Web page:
Semana Santa (Holy Week) is here, and it’s kind of a big deal in Latin America. It’s a very busy week, from Palm Sunday all the way up to Easter Sunday. In the Peruvian city of Cusco, Holy Monday is one of the most important days of the year. This day features the procession of El Señor de los Temblores (The Lord of the Earthquakes).
Learn about this important procession and the reason behind it in this short video:
“One of the most important days of the year in Cusco is the Monday before Easter. In the Cusco Cathedral, there is a famous statue of the crucifixion of Jesus. It is believed that this image of Christ saved the city from complete destruction during a massive earthquake in the year 1650. That’s why it is known as El Señor de los Temblores (The Lord of the Earthquakes). It is also the patron saint of Cusco. Throughout the day, people throw red ñucchu flowers which resemble the blood of Christ. The black color is due to the buildup of soot from oil lamps and candles over the years.
In the afternoon on Holy Monday, the statue is removed from the church to be paraded around the town in a huge procession. A group of about 30 men carry the statue and are followed by a band, military personnel and religious officials. Eventually, the procession leaves the Plaza de Armas.
The next stop is the San Francisco Plaza. This is a big holiday in Cusco, and the atmosphere is very festive. It seems as if the whole town comes out for the procession. There’s a lively street market nearby as well, where just about everyone is selling empanadas covered in sprinkles that are a special treat for Semana Santa.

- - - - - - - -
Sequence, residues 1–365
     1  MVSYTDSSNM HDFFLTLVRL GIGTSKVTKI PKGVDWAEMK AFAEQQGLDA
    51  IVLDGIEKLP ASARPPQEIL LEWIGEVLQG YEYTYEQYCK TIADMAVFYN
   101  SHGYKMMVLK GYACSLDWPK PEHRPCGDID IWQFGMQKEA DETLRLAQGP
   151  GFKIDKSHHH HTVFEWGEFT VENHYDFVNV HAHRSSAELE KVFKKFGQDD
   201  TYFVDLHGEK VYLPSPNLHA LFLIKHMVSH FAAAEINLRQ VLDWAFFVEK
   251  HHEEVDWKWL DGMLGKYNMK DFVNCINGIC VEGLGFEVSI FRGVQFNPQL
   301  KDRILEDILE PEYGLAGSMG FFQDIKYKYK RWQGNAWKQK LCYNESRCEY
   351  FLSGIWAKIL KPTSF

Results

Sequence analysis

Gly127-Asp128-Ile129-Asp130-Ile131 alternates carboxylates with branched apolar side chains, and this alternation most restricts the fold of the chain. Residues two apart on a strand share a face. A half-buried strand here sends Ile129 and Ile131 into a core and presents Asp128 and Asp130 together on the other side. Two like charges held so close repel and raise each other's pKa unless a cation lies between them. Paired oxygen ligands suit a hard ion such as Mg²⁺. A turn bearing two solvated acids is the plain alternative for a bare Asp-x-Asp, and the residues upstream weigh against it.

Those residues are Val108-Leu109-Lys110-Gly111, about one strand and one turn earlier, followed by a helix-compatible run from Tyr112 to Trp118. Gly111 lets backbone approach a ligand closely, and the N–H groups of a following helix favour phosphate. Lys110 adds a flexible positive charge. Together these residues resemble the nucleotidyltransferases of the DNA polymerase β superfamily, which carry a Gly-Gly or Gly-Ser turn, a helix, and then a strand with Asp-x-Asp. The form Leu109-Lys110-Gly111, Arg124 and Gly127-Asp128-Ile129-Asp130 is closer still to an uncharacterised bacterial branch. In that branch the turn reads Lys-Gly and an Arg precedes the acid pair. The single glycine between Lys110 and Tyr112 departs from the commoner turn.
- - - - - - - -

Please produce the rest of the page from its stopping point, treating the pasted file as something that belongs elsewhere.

In the evening, the crowd is much bigger. The main plaza is absolutely packed as everyone tries to find a spot to see the end of the procession. Your best bet is to head to one of the many balconies around the square to take it in from above. Eventually, the statue makes its way back to the cathedral, wrapping up one of the most important days in Cusco.”
About the Author:sasha
Sasha is an English teacher, writer, photographer, and videographer from the great state of Michigan. Upon graduating from Michigan State University, he moved to China and spent 5+ years living, working, studying, and traveling there. He also studied Indonesian Language & Culture in Bali for a year. He and his wife run the travel blog Grateful Gypsies, and they’re currently trying the digital nomad lifestyle across Latin America.
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